Painting the outside of the house requires plenty of time and elbow grease so it pays to do it right the ﬁrst time.
Paint won’t adhere to dirty or ﬂaky surfaces so make sure walls are clean and smooth before picking up a brush.
Factor in preparation time when planning and work from the top down to avoid dirtying cleaned surfaces.
Always allow time for repairs to dry or cure, leaving ﬁnishes such as new sand and cement-based render for 30 days.
CLEANING THE SURFACES
A pressure washer is effective for removing loose paint and built-up grime. It’s a good investment for general home maintenance but use it carefully around windows because it can break glass.
Avoid directing water up under the eaves and keep the nozzle 500mm away from the surface. Always start with a low pressure and test a small section prior to full-scale cleaning.
Pressure washers must be used with safety in mind. Never operate one while standing on a ladder as the force can make you lose your footing.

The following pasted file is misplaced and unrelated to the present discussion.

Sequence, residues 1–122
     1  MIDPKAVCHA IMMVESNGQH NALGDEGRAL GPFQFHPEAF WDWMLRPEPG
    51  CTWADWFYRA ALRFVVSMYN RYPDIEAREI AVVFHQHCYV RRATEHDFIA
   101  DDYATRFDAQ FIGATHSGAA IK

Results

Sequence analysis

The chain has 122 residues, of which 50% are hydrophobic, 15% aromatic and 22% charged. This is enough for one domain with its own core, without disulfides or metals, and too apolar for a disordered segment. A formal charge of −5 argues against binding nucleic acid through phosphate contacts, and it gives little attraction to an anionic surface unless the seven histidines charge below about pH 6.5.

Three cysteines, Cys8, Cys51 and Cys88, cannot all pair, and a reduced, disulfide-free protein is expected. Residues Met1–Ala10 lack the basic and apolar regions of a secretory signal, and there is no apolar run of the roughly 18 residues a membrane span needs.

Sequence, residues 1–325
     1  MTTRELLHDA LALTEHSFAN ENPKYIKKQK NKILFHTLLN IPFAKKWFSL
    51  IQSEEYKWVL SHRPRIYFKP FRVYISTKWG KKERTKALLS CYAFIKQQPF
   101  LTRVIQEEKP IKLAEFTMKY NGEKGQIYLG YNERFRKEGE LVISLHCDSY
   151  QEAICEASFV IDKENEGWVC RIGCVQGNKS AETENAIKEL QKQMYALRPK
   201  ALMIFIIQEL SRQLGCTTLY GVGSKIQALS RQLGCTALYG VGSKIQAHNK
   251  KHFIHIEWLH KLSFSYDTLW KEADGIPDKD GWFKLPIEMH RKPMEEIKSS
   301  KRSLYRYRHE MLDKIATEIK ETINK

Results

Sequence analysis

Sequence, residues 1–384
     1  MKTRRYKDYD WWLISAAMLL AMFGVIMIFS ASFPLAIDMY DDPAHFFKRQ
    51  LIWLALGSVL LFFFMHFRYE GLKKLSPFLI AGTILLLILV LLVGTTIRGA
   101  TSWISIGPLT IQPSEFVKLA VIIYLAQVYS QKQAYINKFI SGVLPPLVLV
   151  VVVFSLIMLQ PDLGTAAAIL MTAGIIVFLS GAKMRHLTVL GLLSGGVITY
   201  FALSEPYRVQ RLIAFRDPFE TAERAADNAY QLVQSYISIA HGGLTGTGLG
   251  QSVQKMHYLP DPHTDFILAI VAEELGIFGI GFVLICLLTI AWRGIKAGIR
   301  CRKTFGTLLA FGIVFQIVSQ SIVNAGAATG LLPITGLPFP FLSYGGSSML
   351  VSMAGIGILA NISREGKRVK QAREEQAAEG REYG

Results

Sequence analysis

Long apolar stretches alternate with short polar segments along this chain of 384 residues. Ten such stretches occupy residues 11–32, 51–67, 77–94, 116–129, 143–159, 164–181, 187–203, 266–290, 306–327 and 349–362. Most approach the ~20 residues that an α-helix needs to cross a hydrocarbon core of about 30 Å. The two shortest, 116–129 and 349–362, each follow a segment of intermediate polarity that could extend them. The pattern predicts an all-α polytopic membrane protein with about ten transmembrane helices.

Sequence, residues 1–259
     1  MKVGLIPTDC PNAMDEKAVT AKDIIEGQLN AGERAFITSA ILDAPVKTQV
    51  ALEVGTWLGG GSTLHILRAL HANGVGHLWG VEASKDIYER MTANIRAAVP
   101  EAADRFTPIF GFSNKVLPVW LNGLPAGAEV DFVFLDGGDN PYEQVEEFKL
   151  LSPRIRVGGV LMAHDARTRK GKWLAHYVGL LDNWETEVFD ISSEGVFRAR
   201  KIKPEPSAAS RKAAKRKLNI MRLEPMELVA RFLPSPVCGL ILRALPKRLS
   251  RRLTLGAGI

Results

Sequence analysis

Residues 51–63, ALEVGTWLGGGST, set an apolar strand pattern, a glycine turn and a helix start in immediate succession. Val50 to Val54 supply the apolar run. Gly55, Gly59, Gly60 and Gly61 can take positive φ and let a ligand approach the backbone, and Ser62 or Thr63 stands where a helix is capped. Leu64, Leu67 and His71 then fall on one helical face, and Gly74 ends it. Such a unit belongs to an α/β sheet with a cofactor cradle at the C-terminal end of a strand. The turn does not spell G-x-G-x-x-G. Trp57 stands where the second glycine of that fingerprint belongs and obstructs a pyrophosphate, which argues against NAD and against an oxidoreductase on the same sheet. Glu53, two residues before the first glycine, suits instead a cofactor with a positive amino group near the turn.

TIP - Alternatively scrub surfaces with a stiff brush on a pole using a bucket of water mixed with liquid sugar soap or mild detergent, rinsing thoroughly with clean water via a hose.
Weatherboard is the outside cladding of a house comprising long, thin timber boards that run vertically or horizontally and either overlap or ﬁt together with a tongue and groove joint.
Traditionally weatherboards are made from timbers such as cedar, cypress or baltic pine but more recently they are available in H3 LOSP ﬁnger-jointed clear grade pine and composite materials.
It’s worth keeping weatherboards in good condition as preparation for painting can be a time consuming and difﬁ cult task, particularly if the old paint has been left too long and has started ﬂaking.
It’s possible to use a power sander on boards with ﬂat proﬁles but boards with curved proﬁles require hand sanding using ﬂexible sanding sponges, making it a tough and laborious job if there’s a lot to do.Keep weatherboards in good condition for easy repainting.
How to prepare the weatherboard
●1 PREPARE THE SURFACES by scraping and sanding away any ﬂaking paint, removing rusty or protruding nails and replacing them with galvanised nails positioned 10mm from the original holes.
●2 PATCH DAMAGE by removing paint from around the area then overﬁlling slightly with an epoxy two-part ﬁller and leaving to dry. Smooth with 80 then 180 grit abrasive paper, priming any bare areas of timber.
●3 FILL THE NAIL HOLES and splits or gaps around window and door jambs using a caulking gun with a paintable, ﬂexible gap sealant.
TIP Old caulk loses elasticity so dig it out and reﬁll to weatherproof.